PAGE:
NB: As I took the same itinerary two years ago on Majesty's sister ship, Sovereign, many of my observations are based on comparison to that trip.
EMBARKATION: Sweet. We had no checked baggage and, with SetSail passes in hand, were on the boat within 15 minutes of arriving at port -- at 11:30 am. Truly, by 12 noon we were in the Windjammer lounge drinking pina coladas.
FOOD: Perfectly acceptable, given that it's a three-day 'shortie'. (If you want gourmet food, go to a landlocked restaurant. It's a hotel on water, people!) The themes are kind of laughable -- why make a waiter from Turkey struggle through O Sole Mio?
SERVICE: Just okay. It seemed the staff in general was struggling to keep up with the masses -- our boat seemed nearly full. Interestingly, the PA system in the rooms konked out as we were leaving port -- while it made hearing announcements difficult (we had to open the door of our cabin), it did mean that we weren't blasted out of bed when they announced port embarkations or art auctions!
ROOM: 2003 -- interior cabin in the bow of the ship -- definitely felt more pronounced movement of the ship as a result. Not for the motion-sick-prone.
SHIP: Clearly needs refurbishing, but what do you expect from a 15 year old girl who is on three and four day party jaunts?
COCOCAY: As I missed this port due to rough seas the last time 'round, I can finally attest that the stellar reviews are spot on. It's a lovely island, not too Disney-fied, that still allows for quiet enjoyment of the beautiful surroundings without having to hike halfway across the coast. We had picture perfect weather and spent the day at our leisure, collecting shells and doing our best impressions of beached whales on the shoreline.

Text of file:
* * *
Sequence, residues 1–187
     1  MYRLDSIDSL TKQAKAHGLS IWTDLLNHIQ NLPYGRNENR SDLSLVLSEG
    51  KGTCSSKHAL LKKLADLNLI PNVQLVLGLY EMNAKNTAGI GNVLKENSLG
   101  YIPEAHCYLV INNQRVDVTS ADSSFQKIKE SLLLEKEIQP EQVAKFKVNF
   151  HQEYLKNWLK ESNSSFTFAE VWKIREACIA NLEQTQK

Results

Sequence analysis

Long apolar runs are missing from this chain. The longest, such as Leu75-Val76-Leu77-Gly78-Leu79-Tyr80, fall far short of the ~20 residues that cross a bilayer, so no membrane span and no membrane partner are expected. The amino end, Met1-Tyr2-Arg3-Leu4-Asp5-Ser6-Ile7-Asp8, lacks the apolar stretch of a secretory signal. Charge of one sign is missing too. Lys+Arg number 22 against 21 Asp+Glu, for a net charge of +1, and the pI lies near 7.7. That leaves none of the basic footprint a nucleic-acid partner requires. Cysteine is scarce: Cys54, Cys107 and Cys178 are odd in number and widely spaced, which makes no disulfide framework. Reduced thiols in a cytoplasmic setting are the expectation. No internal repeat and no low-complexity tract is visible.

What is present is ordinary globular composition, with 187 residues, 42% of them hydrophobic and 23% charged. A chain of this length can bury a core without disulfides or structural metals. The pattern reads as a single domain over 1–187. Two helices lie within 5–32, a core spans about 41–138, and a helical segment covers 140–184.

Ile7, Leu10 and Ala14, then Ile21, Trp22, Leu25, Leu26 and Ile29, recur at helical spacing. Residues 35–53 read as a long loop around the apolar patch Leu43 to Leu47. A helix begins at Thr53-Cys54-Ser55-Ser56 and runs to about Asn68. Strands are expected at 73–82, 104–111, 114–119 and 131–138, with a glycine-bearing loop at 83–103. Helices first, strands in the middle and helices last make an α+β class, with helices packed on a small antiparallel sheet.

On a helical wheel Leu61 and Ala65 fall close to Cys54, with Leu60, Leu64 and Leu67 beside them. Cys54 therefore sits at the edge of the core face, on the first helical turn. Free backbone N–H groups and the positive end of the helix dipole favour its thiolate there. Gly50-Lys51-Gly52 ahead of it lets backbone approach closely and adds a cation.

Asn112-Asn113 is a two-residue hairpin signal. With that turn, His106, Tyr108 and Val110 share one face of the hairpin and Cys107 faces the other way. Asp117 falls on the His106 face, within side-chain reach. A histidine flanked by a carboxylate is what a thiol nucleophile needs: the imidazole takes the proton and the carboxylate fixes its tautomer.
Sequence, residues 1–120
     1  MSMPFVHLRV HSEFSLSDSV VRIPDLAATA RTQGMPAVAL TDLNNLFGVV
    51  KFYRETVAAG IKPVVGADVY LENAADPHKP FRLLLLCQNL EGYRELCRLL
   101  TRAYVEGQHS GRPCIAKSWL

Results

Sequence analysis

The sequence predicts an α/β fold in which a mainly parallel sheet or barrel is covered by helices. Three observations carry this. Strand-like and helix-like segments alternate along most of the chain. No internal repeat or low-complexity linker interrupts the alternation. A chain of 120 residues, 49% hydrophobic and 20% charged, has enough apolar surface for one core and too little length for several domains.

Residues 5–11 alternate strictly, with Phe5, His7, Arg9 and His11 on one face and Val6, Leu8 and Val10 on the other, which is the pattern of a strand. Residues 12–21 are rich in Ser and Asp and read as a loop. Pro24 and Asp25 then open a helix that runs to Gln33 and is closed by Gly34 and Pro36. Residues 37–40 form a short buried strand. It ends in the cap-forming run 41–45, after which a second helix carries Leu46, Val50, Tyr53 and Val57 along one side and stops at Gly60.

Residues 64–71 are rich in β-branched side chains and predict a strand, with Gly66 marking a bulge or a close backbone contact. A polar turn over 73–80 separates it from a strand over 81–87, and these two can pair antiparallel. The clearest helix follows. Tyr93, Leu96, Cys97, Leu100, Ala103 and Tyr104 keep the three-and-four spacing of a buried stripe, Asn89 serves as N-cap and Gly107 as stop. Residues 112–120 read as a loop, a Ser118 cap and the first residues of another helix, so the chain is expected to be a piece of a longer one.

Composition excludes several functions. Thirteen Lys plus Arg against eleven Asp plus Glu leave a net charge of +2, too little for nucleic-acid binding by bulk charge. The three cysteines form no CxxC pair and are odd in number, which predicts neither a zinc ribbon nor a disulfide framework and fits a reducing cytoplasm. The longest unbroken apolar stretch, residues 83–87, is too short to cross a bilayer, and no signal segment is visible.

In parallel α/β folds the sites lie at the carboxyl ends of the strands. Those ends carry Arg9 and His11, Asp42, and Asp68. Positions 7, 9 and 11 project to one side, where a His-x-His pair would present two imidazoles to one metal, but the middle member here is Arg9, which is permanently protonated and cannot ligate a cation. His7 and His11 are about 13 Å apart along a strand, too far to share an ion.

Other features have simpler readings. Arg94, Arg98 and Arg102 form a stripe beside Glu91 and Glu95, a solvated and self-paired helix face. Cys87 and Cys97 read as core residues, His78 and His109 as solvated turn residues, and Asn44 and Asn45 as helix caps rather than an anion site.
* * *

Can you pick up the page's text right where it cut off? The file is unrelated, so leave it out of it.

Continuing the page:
NASSAU: Decided to walk to Ardastra Gardens (not for the meek or out-of-shape). Despite the damage suffered by Ivan and Wilma, a wonderfully un-touristy, uncrowded place to spend the day (which was cloudy and so not inducive to beachifying). Recommendation: skip the marching flamingos and instead do the lorrakeet feeding.
SHORE EXCURSIONS: Can't say. Didn't do any of 'em.
DISEMBARKATION: About as painless as it can be given a full ship and lots of people cranky about having to leave. Seemed more smooth than the last time -- more immigration/custom folks around to process people.
KUDOS: ----> Cococay. RC could make a mint just doing two or three day cruises to this island alone. But the thought of two ships there at the same time is horrendous -- it would ruin the place in no time flat.
----> Ardastra Gardens. Very overlooked by most cruise ship passengers, but worth the effort to get there on one's own and be unhurried. We only wish we'd had more time to explore Fort Charlotte, too.
----> The phalanx of RC staff pushing things on you as you cross the gangplank threshold into the ship. For heaven's sake, people, let us put our luggage down first, at least! Ugh!
----> The family/friend groups who feel the need to congregate en masse in hallways, stores, elevator areas, etc., to discuss . . . . well, anything, it would seem, at any hour of the day or night, and are so frantic to get to dinner that they pushed through the crowds once the doors to the dining room opened (forgetting that they had reserved seating!). Actually, this cruise was FAR worse in terms of hordes with no idea that there were other people around them. We deliberately avoided the 'big' events (shows, etc.) just to steer clear of it all.
----> Miami International Airport. Everything about that airport is visitor-negative, from the lack of signage and individuals who can answer questions in English, to the boorish security individuals manning the TSA gates, to the ugliest waiting areas known to humanity. We may never cruise out of Miami again. Ugh, ugh, ugh.
IN SUM: If you want a quick getaway for a reasonable price and don't have to fly thru MIA, a good way to go. If you want a more refined, less crowded, or more elegant experience, try a newer boat and/or a longer itinerary.